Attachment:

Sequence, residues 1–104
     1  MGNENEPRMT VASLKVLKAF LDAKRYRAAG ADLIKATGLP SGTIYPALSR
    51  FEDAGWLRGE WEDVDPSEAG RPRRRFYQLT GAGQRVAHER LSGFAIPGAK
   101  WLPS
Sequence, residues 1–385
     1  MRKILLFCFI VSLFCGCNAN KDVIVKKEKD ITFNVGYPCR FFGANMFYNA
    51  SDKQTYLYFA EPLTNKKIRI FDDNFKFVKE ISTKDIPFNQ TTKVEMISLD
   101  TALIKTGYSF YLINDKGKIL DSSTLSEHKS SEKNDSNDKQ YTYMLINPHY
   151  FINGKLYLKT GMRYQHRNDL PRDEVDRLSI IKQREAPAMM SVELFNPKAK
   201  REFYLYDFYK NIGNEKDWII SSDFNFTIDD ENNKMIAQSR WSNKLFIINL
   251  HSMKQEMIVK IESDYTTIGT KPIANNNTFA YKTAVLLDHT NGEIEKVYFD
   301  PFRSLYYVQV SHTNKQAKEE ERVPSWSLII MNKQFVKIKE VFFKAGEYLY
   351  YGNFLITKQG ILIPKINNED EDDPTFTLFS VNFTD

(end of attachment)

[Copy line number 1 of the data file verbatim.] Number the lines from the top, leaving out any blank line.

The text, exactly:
Sequence, residues 1–104